Joshua Rothkopf in Time Out New York: “The plot lacks the grease-stained poetry of better gearhead clashes (such as the extraordinary 2010 documentary Senna); cynically, Rush seems to be courting a video-game crowd impatient for another CGI-heavy Fast & Furious.”

For Robert Koehler, writing for arts·meme, Rush “isn’t even occasionally interesting.”

Updates, 9/21: “There’s plenty of cornpone alongside the racetrack curves in Rush, but this is tremendously exciting cinema,” writes Salon‘s Andrew O’Hehir, “as well as old-school escapist drama with ample eye candy for viewers of all persuasions.”

For Jesse Hassenger at the L, Rush is “one of Howard’s most engaging films in years.”

Bill Desowitz talks with cinematographer Anthony Dod Mantle at Thompson on Hollywood.

Updates, 9/27: For Chris Cabin, writing in Slant, the “pitting of a gaudy showman against a near-reptilian intellect brings to mind the power struggle at the heart of Howard and screenwriter Peter Morgan’s last collaboration, 2008′s Frost/Nixon. To a certain sect, the competition between Lauda and Hunt might carry a similar importance as the relationship between David Frost and Richard Nixon, but their rivalry isn’t particularly what the filmmakers are interested in. Howard’s main fascination with how these two men toy with fatalism via their sport, but the film never seems to take death all that seriously, not unlike Hunt.”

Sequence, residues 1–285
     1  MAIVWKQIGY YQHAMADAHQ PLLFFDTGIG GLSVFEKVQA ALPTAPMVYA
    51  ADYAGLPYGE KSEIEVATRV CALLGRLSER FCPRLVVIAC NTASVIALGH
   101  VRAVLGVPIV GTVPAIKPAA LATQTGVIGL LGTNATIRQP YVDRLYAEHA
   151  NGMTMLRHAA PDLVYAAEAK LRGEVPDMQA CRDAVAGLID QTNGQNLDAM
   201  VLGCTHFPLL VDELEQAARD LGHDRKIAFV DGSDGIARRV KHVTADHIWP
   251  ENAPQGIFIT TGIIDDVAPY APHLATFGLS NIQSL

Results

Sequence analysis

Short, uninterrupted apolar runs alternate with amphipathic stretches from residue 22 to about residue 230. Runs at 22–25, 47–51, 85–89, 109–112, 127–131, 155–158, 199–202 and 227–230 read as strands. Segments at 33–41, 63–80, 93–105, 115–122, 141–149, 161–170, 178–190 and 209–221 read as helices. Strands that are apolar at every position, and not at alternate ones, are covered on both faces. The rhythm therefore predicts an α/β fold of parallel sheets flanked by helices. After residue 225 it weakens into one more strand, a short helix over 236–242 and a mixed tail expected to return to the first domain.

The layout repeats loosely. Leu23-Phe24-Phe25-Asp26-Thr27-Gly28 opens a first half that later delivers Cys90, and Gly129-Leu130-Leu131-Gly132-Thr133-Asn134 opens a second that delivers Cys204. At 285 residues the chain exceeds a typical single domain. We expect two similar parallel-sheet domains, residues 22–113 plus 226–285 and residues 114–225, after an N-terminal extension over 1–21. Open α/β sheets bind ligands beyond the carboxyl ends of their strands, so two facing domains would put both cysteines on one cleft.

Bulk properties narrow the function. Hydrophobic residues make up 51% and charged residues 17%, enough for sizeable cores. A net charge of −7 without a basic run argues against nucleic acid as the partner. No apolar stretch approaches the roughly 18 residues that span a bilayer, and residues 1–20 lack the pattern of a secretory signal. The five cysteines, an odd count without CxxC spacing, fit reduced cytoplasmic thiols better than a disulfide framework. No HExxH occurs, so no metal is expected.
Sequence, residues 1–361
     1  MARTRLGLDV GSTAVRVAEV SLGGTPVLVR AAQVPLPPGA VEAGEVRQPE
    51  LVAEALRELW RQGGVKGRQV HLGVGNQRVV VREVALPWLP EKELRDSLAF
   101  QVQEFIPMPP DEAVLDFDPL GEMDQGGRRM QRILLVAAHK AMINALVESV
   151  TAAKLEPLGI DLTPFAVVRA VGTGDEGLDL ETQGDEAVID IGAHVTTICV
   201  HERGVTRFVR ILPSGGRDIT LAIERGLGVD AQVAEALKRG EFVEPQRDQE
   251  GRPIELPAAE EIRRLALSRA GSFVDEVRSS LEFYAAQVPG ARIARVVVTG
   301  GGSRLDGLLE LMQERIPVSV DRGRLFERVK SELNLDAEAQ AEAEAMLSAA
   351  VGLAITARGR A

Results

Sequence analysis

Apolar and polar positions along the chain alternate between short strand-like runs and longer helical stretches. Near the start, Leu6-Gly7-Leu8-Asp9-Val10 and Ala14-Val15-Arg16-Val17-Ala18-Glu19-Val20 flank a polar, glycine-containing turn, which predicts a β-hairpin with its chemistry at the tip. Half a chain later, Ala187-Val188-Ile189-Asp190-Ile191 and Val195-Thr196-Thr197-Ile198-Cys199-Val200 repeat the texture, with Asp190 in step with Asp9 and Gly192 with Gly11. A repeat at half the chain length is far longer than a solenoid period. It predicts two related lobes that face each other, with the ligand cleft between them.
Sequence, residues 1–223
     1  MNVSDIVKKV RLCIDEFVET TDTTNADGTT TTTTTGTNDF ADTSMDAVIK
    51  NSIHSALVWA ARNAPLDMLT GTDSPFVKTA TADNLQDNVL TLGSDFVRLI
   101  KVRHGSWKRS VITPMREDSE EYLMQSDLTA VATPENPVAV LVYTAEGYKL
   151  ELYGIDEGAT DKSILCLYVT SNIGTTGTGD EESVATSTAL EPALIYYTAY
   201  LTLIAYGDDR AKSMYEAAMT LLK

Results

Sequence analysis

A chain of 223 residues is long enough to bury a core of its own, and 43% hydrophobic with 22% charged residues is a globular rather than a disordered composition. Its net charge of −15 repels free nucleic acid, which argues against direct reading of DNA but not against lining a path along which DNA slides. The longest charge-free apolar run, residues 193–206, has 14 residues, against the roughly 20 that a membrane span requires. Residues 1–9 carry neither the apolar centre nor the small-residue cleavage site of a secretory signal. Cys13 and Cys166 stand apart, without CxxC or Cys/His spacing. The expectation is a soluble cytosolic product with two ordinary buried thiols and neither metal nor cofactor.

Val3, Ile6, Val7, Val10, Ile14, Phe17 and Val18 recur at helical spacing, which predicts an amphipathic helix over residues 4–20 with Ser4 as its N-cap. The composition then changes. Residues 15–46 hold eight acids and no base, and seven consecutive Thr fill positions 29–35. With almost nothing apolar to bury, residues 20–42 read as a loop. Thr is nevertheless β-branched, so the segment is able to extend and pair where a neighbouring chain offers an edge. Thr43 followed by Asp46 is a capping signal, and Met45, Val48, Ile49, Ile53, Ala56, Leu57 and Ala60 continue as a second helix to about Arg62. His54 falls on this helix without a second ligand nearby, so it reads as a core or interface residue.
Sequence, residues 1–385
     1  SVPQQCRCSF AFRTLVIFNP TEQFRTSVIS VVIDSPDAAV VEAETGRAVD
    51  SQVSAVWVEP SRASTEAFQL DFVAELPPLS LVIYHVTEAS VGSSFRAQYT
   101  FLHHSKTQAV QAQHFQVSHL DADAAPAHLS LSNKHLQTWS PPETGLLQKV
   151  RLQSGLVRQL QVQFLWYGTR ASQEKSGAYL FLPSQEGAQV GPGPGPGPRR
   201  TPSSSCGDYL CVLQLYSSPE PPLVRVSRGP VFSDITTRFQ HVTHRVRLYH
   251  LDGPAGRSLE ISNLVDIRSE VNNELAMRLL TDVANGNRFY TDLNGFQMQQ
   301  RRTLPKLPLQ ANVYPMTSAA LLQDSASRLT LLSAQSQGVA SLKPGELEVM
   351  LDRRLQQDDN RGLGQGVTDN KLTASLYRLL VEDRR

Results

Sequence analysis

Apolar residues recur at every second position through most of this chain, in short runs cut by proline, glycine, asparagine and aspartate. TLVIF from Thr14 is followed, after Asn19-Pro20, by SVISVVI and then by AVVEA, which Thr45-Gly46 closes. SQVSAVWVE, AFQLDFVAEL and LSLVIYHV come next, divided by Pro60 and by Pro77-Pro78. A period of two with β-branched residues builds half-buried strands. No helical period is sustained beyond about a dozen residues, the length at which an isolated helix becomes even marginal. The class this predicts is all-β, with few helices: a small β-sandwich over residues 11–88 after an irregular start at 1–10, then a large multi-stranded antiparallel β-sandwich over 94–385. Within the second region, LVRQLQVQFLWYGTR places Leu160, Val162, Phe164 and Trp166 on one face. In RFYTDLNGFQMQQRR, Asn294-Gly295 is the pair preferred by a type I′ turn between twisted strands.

Julien Allen for Reverse Shot: “Ron Howard doesn’t seem primarily interested in filmmaking at all: his work continues to amount to not much more than a high-speed postal delivery service. It’s on time, safely packaged, and the product corresponds to the description. Sign here, please? No, thanks.”

The San Diego City Beat‘s Glenn Heath Jr. can’t help but think “about what the late Tony Scott would have done with this material. In his hands, each scene (on and off the track) might have felt like a thrilling, life-or-death race of some kind, breathless in ways Howard would never have conceived. But I guess we’ll always have Days of Thunder.”